Action should build around gender perspective
Zilka Spahić Šiljak, professor of gender studies, talks to UN Women about the issues women in BiH still face, and possible solutions to them.
Zilka Spahić Šiljak is a professor of gender studies. She has worked for the last 20 years in the area of human rights, intercultural dialogue and peace building. She is the founder and director of the TPO Foundation, an organization advocating for gender equality, dialogue and peace building. She spoke to UN Women about the problems women in BiH are still facing, and solutions that would improve women’s rights in BiH. She underlined the importance of gender mainstreaming in all segments of society.
What are your thoughts about the current situation of women’s rights in Bosnia and Herzegovina?
The current situation is not ideal and cannot be seen separately from the overall situation in the country and the region. There are several problems that women are still facing today, that I would like to point out.
The first one is poverty and economic dependency of women, both at home, and in the country, as well as globally, due to unfair distribution of wealth and power. Looking at this from a feminist perspective, it is highly questionable whether women and the majority of men have any choice in the first place. If the majority of women live close to the poverty line, they can hardly think about anything other than providing for minimum subsistence for them and their families. In addition to that, women in BiH are still largely patriarchally socialized, which means that they are molded into the predefined gender roles since birth, which positions them in the realm of private family life and child rearing. Family is important and feminism does not contest the concept of family. What feminism does contest is the patriarchy and violence against women, as well as the reduction of women only to motherhood and family.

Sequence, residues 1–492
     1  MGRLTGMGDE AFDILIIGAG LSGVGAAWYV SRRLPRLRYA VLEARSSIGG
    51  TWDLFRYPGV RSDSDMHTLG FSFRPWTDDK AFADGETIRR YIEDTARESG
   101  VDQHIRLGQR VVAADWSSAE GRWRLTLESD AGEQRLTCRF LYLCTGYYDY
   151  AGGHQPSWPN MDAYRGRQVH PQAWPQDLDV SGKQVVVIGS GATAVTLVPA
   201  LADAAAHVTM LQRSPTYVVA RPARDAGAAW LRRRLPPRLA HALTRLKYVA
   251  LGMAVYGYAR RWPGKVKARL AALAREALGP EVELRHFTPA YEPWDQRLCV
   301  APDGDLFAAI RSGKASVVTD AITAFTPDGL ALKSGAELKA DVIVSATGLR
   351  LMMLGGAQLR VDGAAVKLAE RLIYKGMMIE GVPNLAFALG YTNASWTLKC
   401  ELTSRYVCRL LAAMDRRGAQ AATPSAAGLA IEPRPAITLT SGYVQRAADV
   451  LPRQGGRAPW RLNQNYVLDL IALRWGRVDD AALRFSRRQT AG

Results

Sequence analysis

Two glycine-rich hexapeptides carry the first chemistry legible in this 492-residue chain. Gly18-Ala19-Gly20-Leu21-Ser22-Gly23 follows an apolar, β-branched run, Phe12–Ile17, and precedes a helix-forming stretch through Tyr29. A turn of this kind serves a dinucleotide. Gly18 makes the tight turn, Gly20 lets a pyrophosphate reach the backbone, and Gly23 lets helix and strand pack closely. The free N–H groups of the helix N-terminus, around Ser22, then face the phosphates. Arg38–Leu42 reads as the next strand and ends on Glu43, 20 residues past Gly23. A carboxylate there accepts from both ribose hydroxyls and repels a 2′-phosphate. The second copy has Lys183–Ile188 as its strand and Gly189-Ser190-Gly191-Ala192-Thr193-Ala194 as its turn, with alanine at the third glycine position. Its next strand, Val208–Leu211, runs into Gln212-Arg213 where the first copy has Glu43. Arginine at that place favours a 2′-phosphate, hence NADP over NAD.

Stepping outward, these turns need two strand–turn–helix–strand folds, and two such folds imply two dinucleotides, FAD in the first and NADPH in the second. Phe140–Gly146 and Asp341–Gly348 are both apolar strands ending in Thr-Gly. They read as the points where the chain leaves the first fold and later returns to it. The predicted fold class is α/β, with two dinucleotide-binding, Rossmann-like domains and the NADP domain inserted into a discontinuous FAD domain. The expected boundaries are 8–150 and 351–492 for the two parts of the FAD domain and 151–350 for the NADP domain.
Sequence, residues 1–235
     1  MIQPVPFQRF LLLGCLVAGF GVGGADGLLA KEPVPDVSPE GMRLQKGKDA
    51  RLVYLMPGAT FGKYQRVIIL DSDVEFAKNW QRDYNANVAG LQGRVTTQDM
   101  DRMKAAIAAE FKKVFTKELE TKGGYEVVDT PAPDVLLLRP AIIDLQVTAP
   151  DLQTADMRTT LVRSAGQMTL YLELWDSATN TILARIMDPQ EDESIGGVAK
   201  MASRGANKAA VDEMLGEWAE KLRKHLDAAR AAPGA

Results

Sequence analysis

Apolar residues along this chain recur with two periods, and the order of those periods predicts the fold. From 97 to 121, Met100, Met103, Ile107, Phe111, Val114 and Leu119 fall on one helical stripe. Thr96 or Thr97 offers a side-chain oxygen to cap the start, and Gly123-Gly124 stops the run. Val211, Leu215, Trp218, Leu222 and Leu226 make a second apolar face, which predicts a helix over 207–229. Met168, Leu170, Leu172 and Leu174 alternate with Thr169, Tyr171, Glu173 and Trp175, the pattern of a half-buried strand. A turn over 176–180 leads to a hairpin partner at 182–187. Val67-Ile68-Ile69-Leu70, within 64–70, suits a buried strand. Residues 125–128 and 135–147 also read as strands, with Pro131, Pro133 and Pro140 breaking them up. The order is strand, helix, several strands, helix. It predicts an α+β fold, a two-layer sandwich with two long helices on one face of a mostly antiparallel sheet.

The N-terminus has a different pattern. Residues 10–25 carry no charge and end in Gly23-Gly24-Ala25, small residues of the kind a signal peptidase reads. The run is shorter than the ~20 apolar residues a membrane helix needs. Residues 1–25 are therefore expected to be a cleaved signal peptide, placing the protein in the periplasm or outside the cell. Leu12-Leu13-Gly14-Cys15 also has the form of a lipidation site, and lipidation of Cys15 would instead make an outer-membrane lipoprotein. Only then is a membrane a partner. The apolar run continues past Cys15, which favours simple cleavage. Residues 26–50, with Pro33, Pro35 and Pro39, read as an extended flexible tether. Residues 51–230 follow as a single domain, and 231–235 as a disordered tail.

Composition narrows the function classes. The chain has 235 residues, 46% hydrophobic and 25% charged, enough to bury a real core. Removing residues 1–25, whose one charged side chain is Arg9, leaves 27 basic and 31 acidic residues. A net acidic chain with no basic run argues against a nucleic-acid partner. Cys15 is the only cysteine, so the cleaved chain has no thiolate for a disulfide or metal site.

Gender based violence is one of the burning issues globally, and BiH is no exception. We have entity laws on protection against domestic violence and the Law on Gender Equality, but they are insufficiently enforced. Due to the patriarchy and traditional customs and norms, women and children, who are in 97% of cases the victims of violence perpetrated by men, are stigmatized, whereas it is the perpetrators who should be the real targets of criticism and shaming. Institutionalized patriarchy is another problem. It prevents the few women who enter the public domain and politics from reaching the leading positions and positions of power. The legal provisions on quotas enable a certain number of women to enter the public domain and politics, where they then face institutionalized patriarchy that is so deeply rooted in the system of government and power, that women cannot make progress without immense effort. They do not have the support of men, and what is far worse, most often they do not have the support of other women, who remain silent, terrified of losing their own positions of power.
With all the institutional and cultural obstacles, women have no access to loans or equal financial support to entrepreneurship as men. When such support is found through different associations of businesswomen, ownership of assets is an additional problem. Only a small percentage of women own assets.